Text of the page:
2006 Michigan Health and Safety Coalition Consumer Report

Welcome to the Michigan Health and Safety Coalition Consumer Report!


The Michigan Health and Safety Coalition (MH&SC) has prepared the MH&SC Consumer Report since 2002. All Michigan acute care general hospitals are annually invited to respond to a survey about their activities for seven serious medical conditions and care provided in the intensive care unit. The information found in this website provides you with the results of the survey. The results are reported alphabetically by hospital and by treatment area. We publish this report to give consumers an additional source of information when considering options on where to get care for certain conditions.


The MH&SC’s mission is to improve health care quality in Michigan through cost-effective improvements in patient safety. To advance this goal, we produced hospital guidelines for treatment of seven serious medical conditions and care in the intensive care unit. The guidelines are based on evidence from peer-reviewed literature and the input of Michigan based expert clinical panels (ECPs). The guidelines are updated periodically.

Using the Survey Results

The areas of care included in the survey were selected for guideline development based on evidence of a relationship between particular characteristics of a hospital and patient health outcomes and significant employer interest for useful quality indicators in these areas.

The Hospital Guidelines are multi-faceted and include indices that, taken as a whole, represent what the Coalition believes is the best currently available method to measure health care quality. Indices contained within the guidelines include volume of services, structural and process characteristics of facilities where services are provided, and outcomes of care such as mortality and morbidity. Use of any single indicator to gauge overall quality of care in any hospital is potentially misleading to those who may use the information to help guide their health care decisions. When all aspects of the guideline are assessed, however, a more complete and accurate picture of care in hospitals emerges. The Coalition, thus, sees use of the guidelines as one of many important variables to be considered in making decisions about healthcare services.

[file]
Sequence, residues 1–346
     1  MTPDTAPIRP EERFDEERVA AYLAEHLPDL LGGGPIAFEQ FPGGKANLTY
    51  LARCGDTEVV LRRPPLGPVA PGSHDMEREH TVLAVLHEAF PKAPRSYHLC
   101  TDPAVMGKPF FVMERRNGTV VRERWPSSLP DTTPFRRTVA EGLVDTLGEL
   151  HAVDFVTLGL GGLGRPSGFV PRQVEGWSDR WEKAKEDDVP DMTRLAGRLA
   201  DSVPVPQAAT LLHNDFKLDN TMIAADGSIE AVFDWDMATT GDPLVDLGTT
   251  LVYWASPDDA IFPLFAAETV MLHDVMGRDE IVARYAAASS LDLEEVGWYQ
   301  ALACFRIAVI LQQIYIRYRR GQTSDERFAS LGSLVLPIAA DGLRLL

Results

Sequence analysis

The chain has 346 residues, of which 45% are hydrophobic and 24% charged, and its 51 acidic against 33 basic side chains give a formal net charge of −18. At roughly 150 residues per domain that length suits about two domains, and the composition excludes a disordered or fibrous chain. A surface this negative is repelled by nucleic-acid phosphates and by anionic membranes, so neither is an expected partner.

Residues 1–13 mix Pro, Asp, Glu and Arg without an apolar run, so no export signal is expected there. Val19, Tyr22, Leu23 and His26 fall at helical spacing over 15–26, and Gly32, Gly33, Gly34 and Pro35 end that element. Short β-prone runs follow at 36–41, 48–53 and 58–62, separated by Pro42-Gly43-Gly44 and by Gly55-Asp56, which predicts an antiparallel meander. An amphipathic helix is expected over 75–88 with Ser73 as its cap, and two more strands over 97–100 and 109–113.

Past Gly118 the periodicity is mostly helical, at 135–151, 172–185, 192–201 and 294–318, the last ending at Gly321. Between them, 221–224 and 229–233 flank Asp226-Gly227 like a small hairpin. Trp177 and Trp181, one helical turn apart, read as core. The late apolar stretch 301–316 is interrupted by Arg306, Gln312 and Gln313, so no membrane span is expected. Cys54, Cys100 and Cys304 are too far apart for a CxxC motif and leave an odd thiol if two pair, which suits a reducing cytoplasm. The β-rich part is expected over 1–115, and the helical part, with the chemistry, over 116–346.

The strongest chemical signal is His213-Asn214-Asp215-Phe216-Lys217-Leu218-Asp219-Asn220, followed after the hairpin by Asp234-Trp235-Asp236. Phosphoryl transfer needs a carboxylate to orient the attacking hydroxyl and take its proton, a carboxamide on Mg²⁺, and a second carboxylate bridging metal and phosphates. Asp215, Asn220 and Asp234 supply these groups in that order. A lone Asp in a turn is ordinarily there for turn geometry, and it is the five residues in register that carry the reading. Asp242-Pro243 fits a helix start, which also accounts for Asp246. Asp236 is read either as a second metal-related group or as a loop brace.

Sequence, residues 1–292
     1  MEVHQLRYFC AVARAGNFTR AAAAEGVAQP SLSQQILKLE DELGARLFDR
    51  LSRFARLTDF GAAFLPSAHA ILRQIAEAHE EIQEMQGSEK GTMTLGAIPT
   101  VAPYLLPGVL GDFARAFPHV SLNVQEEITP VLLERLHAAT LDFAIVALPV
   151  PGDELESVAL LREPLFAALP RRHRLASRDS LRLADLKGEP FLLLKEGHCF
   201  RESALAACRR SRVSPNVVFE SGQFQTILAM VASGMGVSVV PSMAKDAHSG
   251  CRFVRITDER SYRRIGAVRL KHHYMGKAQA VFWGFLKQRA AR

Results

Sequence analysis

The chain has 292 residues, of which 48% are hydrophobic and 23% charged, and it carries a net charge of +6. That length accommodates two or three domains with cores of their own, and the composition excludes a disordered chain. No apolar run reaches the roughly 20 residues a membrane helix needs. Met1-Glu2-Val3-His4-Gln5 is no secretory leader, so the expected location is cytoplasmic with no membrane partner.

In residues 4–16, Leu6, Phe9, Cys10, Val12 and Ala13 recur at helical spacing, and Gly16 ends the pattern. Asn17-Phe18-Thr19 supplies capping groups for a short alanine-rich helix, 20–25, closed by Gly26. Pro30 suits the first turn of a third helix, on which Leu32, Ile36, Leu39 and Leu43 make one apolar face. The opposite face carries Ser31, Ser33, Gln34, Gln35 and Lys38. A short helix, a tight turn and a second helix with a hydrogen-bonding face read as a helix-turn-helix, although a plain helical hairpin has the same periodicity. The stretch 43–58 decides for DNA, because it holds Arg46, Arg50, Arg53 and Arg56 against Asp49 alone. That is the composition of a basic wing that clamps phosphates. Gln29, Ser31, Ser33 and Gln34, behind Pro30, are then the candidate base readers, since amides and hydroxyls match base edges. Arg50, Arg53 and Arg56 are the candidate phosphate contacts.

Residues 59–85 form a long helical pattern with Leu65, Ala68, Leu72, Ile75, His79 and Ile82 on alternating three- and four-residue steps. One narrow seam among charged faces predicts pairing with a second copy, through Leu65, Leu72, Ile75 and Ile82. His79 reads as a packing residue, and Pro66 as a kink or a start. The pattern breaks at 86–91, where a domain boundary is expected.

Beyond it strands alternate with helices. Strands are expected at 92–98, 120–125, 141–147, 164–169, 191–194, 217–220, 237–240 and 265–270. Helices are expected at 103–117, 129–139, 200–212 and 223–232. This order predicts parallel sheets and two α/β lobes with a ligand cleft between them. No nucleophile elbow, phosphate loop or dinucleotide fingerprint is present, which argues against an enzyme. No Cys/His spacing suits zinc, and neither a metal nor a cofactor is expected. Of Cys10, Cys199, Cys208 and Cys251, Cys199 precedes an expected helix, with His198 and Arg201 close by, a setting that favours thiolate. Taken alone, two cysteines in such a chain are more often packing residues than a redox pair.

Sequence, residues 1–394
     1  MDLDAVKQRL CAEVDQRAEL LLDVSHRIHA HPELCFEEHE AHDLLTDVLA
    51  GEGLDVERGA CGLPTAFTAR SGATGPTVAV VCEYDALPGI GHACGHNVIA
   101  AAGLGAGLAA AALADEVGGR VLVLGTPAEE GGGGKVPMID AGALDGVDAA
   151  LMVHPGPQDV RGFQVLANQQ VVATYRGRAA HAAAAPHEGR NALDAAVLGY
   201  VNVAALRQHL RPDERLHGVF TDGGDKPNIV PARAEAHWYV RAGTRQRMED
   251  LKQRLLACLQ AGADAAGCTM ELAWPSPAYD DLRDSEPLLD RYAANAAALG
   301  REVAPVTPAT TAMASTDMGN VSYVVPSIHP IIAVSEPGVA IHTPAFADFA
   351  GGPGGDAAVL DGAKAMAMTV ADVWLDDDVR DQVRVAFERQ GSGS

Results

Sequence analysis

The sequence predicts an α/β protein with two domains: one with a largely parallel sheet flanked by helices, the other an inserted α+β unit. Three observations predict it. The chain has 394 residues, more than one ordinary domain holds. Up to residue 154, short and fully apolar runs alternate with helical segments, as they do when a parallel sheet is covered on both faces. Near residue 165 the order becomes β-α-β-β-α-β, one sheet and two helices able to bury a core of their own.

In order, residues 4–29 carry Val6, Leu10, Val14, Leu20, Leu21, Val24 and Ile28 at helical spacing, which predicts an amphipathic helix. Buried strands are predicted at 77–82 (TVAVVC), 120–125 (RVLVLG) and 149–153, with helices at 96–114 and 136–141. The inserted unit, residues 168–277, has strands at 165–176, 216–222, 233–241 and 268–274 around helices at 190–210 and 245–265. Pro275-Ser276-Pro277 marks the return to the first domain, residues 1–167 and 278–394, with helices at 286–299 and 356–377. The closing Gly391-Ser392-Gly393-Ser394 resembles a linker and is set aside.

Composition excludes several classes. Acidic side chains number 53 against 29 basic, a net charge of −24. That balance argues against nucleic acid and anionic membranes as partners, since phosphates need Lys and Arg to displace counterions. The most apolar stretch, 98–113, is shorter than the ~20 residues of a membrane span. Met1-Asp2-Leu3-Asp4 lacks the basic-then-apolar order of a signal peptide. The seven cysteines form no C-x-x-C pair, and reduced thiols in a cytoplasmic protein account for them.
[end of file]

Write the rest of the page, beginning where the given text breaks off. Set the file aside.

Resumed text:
Within the guidelines, the Expert Clinical Panels included a recommendation that statewide, collaborative databases be developed and implemented so that 1) health care quality can be monitored for continuous improvement, 2) hospital performance can be comparatively measured and shared with consumers, purchasers, and payers and 3) clinicians can participate in a protected peer review process during which they can collaborate with practitioners throughout the state to improve care. These guidelines recommend that physicians and hospitals participate in a collective learning environment for quality improvement.


Hospitals will be categorized into one of the following peer groups based on similar

Peer Group 1 Hospitals with large teaching programs
- 325 or more licensed beds

Peer Groups 2 – 4 Other acute care hospitals

Peer Group 2 - 325 or more licensed beds

Peer Group 3 Meet one of the following two groups of criteria:
- Non-rural ** hospital - less than 325 licensed beds
- Rural** hospital - more than 150 licensed beds

Peer Group 4 - Rural ** hospital - 150 or less licensed beds

Peer Group 5 Rural ** hospital - 100 or less licensed beds
- Total annual admissions of less than 2000***
(*** Total acute care, psychiatric and rehabilitation admissions)

Peer Group 6 Psychiatric hospitals and units
Peer Group 7 Rehabilitation hospitals and units

** United States Census Bureau definition of rural